How to Look At The Positive Side of Discipline When Parenting

The positive side of discipline

An eight-year-old has a rush of blood to the head and tidies her bedroom. We inspect her handiwork and reward her with enthusiasm and some extra privilege. With this pay-off, a clean bedroom will happen again tomorrow (and pigs might fly, I hear you say).

There is one important principle that steers our children’s behavior: a behavior that pays off for the child will usually be repeated; a behavior that does not pay off will disappear. This is the basic rule that allows parents to I increase the good and decrease the bad. All it takes is a wise choice as to the behaviors that pay off.

Positive Side  Discipline parenting

Soft rewards

Recently I dined at a top Sydney restaurant. The food and service were so good I called the head waiter over to give specific praise to the chef and waiting staff. Later, with an expectant smile, the waiter approached and handed me the bill. My wife suggested I should leave a large tip, so at this point I took the opportunity to explain to her about soft and hard rewards. She listened graciously, and then summed it up quite simply: ‘An interesting theory, but you are still cheap and mean.’

On that occasion, my wife was probably right, but never underestimate the power of soft and subtle pay-offs, especially when it comes to children. Though these are of most importance to the under-fives, their influence is immense right through life.

Catch them being good

If humans are to continue doing well, their good needs to be noticed and reinforced. One of the greatest traps for parents is to become so negative that we see nothing but the bad: ‘Don’t annoy your sister’; ‘Leave the dog alone’; ‘You were such a pain at the shops’; ‘What a mess’; ‘You’re so rude.’

Positive parents turn this around and use their words to boost the good: ‘I like it when you both play so well’; ‘Rover thinks that’s fun’; ‘Gosh, you were such a help at the supermarket’; ‘have the cleaners been here?’; ‘I like it when we talk together like this.’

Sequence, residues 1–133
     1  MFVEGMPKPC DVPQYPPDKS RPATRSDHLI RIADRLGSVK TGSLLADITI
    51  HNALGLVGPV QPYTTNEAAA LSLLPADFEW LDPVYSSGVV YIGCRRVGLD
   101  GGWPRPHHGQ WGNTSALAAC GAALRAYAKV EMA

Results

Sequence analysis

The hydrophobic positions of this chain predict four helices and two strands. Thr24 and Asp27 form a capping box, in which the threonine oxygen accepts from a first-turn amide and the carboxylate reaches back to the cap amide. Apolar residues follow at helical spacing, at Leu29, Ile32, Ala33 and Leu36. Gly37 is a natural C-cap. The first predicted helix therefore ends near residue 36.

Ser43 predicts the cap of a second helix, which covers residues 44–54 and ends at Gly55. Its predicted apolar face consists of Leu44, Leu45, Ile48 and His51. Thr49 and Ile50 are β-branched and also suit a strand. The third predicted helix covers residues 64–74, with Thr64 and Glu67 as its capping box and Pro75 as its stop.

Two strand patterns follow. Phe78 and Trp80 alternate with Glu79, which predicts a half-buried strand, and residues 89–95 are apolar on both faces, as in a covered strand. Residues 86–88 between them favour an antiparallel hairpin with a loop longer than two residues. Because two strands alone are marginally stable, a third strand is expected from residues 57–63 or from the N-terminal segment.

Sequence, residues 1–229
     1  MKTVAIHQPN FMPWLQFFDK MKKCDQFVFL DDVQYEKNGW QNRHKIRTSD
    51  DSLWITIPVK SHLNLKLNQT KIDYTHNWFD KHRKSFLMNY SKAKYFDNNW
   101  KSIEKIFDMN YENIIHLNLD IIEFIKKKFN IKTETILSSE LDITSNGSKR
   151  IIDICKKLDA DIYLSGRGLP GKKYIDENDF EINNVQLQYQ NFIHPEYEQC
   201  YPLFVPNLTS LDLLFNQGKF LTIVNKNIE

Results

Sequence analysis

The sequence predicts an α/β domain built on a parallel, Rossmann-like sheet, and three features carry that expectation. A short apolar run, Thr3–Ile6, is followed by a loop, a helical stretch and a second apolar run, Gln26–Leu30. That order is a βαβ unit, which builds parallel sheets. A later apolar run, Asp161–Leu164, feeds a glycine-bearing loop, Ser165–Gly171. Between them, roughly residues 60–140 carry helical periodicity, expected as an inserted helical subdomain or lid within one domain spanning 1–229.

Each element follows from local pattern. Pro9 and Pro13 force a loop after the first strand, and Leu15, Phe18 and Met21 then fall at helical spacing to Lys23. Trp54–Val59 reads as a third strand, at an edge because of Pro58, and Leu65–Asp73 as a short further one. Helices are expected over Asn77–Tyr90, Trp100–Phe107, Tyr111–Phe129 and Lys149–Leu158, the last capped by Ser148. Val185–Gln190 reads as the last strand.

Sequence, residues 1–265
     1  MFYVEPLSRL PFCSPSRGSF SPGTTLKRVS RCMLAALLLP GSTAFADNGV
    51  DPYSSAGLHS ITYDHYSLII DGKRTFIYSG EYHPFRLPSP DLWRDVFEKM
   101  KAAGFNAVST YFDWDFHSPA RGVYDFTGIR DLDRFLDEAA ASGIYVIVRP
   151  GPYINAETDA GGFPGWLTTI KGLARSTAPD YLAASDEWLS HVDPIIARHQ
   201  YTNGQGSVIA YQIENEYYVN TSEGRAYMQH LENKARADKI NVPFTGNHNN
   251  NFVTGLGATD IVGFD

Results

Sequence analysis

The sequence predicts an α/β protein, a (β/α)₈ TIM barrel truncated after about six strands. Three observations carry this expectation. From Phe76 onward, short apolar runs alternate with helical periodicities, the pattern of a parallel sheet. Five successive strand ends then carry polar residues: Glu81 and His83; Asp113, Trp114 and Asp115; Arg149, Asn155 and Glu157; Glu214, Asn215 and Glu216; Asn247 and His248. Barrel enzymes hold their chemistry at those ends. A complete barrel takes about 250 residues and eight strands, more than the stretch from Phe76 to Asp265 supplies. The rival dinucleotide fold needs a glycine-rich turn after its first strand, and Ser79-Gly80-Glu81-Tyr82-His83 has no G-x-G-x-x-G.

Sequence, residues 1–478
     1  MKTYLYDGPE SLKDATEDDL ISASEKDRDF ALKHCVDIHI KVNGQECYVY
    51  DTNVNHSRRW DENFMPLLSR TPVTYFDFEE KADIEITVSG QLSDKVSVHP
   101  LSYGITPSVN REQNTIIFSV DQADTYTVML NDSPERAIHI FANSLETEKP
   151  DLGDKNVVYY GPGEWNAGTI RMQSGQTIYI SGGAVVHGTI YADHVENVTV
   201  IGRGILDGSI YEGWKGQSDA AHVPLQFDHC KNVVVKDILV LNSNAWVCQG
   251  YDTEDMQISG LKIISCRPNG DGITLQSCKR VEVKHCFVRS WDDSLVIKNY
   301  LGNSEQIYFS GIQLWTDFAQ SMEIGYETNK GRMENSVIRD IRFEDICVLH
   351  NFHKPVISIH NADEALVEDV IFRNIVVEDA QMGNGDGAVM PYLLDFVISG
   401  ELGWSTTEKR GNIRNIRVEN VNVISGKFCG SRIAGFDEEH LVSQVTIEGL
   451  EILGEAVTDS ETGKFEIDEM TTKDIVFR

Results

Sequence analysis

The power of body language

Every day I am asked 100 times, ‘How are you?’ Those who enquire have no interest in my health, happiness or emotional well-being; their greeting is as empty as a pre-programmed tape recording. Words can be meaningless but we sense genuine interest by attitude and body language.

Children know we are pleased by the tone of our voice, the way we look, the twinkle in our eye and the things we whisper. This subtle form of encouragement is one of the most powerful tools of discipline.

Be specific

School-age children are unmoved by unfocused, over-used encouragement. We blandly say, ‘Good girl’, ‘Well done’, ‘clever boy’, which is about as genuine as the parrot who announces, ‘Who’s the pretty boy?’ Older children may even react badly to these unfocused comments and turn our words back on us: we say, ‘That’s good’ and they reply, ‘No, it sucks’; ‘you are looking great’ – ‘No, I’m not’; I like your story’ – ‘No, it’s boring.’

I sympathize with this response. Often I bust myself to put on some special fundraising talk. I know it has gone well but a week later an impersonal letter arrives that might have been written by a computer before the talk. I know when people are genuinely appreciative, it’s when the thank you is personal, specific and picks up on some part of my message. ‘Dr Green, I like your ideas about refocusing on the good and being specific in what we say.’

Children also need our encouragement to be specific. ‘Gosh, this room is not only tidy, you’ve even polished your desk’; ‘In your story, I like the boy character who saved the ship’; ‘I really like the way the sun lights up this side of your painting.’

Filed Under: Lifestyle & Personality


About the Author: Alan Kennon lives a very happy life with two kids and a lovely wife. He likes to share his life time experiences with others about how they can improve their lifestyle and personality.

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